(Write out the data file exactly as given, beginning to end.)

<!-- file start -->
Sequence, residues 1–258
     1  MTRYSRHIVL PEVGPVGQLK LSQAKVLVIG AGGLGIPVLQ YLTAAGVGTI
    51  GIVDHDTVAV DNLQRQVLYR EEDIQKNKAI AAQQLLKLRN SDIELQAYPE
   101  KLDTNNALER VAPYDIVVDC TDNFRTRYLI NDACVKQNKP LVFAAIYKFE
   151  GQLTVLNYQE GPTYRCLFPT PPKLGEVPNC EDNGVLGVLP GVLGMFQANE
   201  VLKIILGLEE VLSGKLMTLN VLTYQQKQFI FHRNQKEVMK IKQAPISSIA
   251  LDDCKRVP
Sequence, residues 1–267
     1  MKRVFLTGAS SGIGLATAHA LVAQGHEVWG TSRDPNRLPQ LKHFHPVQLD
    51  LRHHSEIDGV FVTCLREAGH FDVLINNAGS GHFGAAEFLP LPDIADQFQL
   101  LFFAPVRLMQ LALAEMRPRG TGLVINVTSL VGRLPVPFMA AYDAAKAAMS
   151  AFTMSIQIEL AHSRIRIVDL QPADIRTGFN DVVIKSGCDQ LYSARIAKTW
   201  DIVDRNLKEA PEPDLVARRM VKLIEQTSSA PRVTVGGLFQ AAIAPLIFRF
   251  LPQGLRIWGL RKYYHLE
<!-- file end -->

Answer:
Sequence, residues 1–258
     1  MTRYSRHIVL PEVGPVGQLK LSQAKVLVIG AGGLGIPVLQ YLTAAGVGTI
    51  GIVDHDTVAV DNLQRQVLYR EEDIQKNKAI AAQQLLKLRN SDIELQAYPE
   101  KLDTNNALER VAPYDIVVDC TDNFRTRYLI NDACVKQNKP LVFAAIYKFE
   151  GQLTVLNYQE GPTYRCLFPT PPKLGEVPNC EDNGVLGVLP GVLGMFQANE
   201  VLKIILGLEE VLSGKLMTLN VLTYQQKQFI FHRNQKEVMK IKQAPISSIA
   251  LDDCKRVP
Sequence, residues 1–267
     1  MKRVFLTGAS SGIGLATAHA LVAQGHEVWG TSRDPNRLPQ LKHFHPVQLD
    51  LRHHSEIDGV FVTCLREAGH FDVLINNAGS GHFGAAEFLP LPDIADQFQL
   101  LFFAPVRLMQ LALAEMRPRG TGLVINVTSL VGRLPVPFMA AYDAAKAAMS
   151  AFTMSIQIEL AHSRIRIVDL QPADIRTGFN DVVIKSGCDQ LYSARIAKTW
   201  DIVDRNLKEA PEPDLVARRM VKLIEQTSSA PRVTVGGLFQ AAIAPLIFRF
   251  LPQGLRIWGL RKYYHLE